Emperor Nero became famous primarily for the first persecution of Christians during his reign. Including he used the burning flesh of Christians as candles at his feasts.
The Great Fire in 64 CE in Rome, for nine days he destroyed more districts of the city. Many residents began to accuse Nero of deliberately setting the city on fire; the emperor, in turn, had to turn his suspicions away. To this end, he used the mysterious followers of Christ as a scapegoat.
According to Tacitus, his persecution consisted of throwing Christians to wild dogs to be devoured or the aforementioned nailing to crosses in the garden and setting them on fire. According to Tacitus, the convicts played the role of burning living torches that lit up the feast outside1.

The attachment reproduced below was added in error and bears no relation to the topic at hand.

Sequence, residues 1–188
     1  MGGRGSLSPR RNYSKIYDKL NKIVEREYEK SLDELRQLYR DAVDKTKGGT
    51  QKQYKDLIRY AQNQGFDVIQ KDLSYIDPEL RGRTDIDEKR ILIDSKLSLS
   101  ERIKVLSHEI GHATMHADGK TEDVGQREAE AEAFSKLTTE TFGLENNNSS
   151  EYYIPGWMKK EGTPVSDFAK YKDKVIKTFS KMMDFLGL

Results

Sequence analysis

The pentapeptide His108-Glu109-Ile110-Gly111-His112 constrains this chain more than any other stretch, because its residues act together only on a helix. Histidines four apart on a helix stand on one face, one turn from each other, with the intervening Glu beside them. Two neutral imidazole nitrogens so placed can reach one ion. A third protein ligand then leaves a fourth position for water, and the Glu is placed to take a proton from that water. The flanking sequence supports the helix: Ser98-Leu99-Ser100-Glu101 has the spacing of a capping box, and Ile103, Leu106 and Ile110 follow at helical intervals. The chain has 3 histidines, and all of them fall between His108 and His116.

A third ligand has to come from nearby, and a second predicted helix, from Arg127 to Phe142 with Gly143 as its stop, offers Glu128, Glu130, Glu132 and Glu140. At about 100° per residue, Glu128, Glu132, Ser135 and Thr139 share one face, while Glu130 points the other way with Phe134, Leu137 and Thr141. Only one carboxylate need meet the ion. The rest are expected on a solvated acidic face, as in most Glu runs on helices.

The Christians themselves considered Nero a persecutor of faith. Eusebius of Caesarea mentioned that “was the first that persecuted this doctrine2. and Tertullian that he was “the first who wielded the sword of the empire against the Christian religion”3.
Moreover, many followers of Christ believed that Nero was the Antichrist by virtue of his outstanding cruelty and corruption, and even a False Prophet.
Tacitus, Annals XV.44
Eusebius of Caesarea, Ecclesiastical history, II.25.4
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